30) Chris Dolley — Reggiecide
(Note: I received a free review copy of this through LibraryThing Early Reviewers.) An entertaining steampunk pastiche of Wodehouse’s Jeeves and Wooster stories. It’s one of a series of shortish stories about gentleman private detective and silly ass Reggie Worcester, his automaton valet Reeves, and his fiancee Emmeline, In this one, the chaps have to investigate the disappearance of Guy Fawkes, who has been revived as a Promethean by one of his descendants. Alas, Fawkes has but one thought left in his head… I found that it worked well even though I hadn’t read the earlier stories. Good fun if you like speculative fiction and Wodehouse.
It’s also in the BVC sale – 50% off until 6 January… http://bookviewcafe.com/bookstore/book/reggiecide/
31) Margery Allingham — Police at the funeral (audiobook)
Re-listen of an Albert Campion abridged audiobook.
32) Nisi Shawl (Editor) — Bloodchildren: Stories by the Octavia E. Butler Scholars
Limited edition fundraiser anthology from Book View Cafe, which is superb and deserves a proper review when I’ve re-read it. No longer available, alas.
20) Alexander McCall — In the Company of Cheerful Ladies
Sixth in the series about the No. 1 Ladies Detective Agency. The usual collection of small and large puzzles for the ladies to solve, and two new characters for the series. Mma Ramotswe knocks a gentleman off his bike, and thereby gains a new staff member for the joint premises of the detective agency and the garage. Mma Makutsi joins a dance class and thus acquires a new friend. As ever with this series, gentle humour and believable domestic mysteries make this a pleasure to read.
21) Sayers — The Unpleasantness at the Bellona Club (audiobook)
Superb BBC full cast dramatisation, with Ian Carmichael as Lord Peter. If you’re a Sayers fan, this radio dramatisation is well worth getting.
at Amazon UK
at Amazon US
22) Georgette Heyer — Venetia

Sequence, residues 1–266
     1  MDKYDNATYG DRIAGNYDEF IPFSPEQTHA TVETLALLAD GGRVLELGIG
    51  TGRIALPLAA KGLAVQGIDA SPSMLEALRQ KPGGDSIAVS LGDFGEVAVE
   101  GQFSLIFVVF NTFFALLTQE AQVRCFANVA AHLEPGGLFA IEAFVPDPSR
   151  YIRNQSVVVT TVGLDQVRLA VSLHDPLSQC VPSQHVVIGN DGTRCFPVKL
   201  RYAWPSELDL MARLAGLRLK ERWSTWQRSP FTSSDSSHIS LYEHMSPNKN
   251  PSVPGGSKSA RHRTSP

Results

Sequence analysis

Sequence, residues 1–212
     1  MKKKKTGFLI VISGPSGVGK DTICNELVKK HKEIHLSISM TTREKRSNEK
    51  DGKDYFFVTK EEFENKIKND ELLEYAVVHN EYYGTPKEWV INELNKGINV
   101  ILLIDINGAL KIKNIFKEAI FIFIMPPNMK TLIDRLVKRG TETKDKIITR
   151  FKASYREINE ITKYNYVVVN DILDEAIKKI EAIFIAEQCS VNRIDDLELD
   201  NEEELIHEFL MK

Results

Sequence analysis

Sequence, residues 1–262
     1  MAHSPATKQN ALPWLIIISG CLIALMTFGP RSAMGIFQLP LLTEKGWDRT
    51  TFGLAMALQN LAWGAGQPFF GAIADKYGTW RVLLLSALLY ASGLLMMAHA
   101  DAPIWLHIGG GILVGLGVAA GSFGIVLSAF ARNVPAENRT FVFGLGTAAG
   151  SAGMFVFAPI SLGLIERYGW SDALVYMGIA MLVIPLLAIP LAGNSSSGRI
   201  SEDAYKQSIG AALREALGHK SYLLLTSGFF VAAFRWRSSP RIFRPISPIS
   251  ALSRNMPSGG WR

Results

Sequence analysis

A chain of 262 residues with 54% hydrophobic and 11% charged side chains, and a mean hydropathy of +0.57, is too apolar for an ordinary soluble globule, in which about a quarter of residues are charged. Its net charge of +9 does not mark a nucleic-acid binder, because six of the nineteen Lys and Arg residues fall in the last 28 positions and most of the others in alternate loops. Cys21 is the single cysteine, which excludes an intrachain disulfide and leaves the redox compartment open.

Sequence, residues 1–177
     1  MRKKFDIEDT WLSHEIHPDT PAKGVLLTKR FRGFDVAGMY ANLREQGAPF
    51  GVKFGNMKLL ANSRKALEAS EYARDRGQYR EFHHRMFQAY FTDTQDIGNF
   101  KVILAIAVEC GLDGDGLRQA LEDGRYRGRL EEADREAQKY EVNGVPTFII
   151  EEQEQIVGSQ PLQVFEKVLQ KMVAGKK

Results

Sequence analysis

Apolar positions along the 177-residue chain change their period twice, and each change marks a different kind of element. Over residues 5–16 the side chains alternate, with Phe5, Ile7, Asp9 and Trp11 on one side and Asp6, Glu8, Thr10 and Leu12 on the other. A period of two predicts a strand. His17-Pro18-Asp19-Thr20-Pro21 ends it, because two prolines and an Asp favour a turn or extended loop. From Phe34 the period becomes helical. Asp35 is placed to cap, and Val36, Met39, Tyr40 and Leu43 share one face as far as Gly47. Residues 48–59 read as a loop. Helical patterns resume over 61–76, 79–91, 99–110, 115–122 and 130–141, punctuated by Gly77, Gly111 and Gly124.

One of Heyer’s Regencies. There are several excellent reviews on LibraryThing, so I will merely say that I adored it.
23) Gladys Mitchell — The Twenty-third man
Another outing for the inestimable Mrs Bradley, this time on holiday to the Canary Islands, and a cave with a somewhat erratic number of mummies of ancient Kings. As usual for this series, enjoyable murder mystery with a fair bit of macabre humour.
24) Mark Coker — Secrets to ebook publishing
The head of self-publishing company SmashWords offers some useful advice on self-publishing via ebooks. While it’s slanted to using SmashWords, it’s wider-ranging than that. It’s free to download, and the contents are useful and well-written. Available from SmashWords, obviously, but also on Amazon and presumably other platforms.
25) Edward Marston — The Merry Devils
Second in Marston’s mystery series set in an Elizabethan theatre troupe. Enjoyable read.
81) Gladys Mitchell — The Mystery of a Butcher’s Shop (The Mrs Bradley Mysteries)
Second of the long-running Mrs Bradley mystery series, and the first I’ve read. I bought a set of nine of the novels recently re-published by Vintage (Random House) because I adored the BBC adaptation starring Diana Rigg and Neil Dudgeon. Unsurprisingly, the books differ significantly from the tv series, but are equally enjoyable. And I think the tv adaptation is faithful to the tone of the novels; even if Diana Rigg is far too elegant and glamorous to be the physical Mrs Bradley of the books, she’s got the personality right.
Mrs Bradley is elderly, wealthy, eccentric, and a talented and experienced psychologist who uses her skills to solve crimes. As other reviewers have noted, there’s a distinct resemblance to what you’d get if you turned Miss Marple into a wealthy woman who has married and divorced three times, and divorced at least one of those husbands for being boring. The ones I’ve read so far are enormous fun.
The Mystery of a Butcher’s Shop is fairly gruesome, in that the body of one Rupert Sethleigh is found neatly butchered and laid out as cuts of meat in the local butcher’s shop. Sethleigh will not be missed by Wandle Parva, and there is a large and varied selection of people with motives to do away with him. Adding to the fun and games, many of those people have reason to protect each other, and their attempts to do so only confuse the issues. General silliness ensues as Mrs Bradley disentangles methods, motives and opportunity, frequently by deliberately poking the suspects to see what they will do.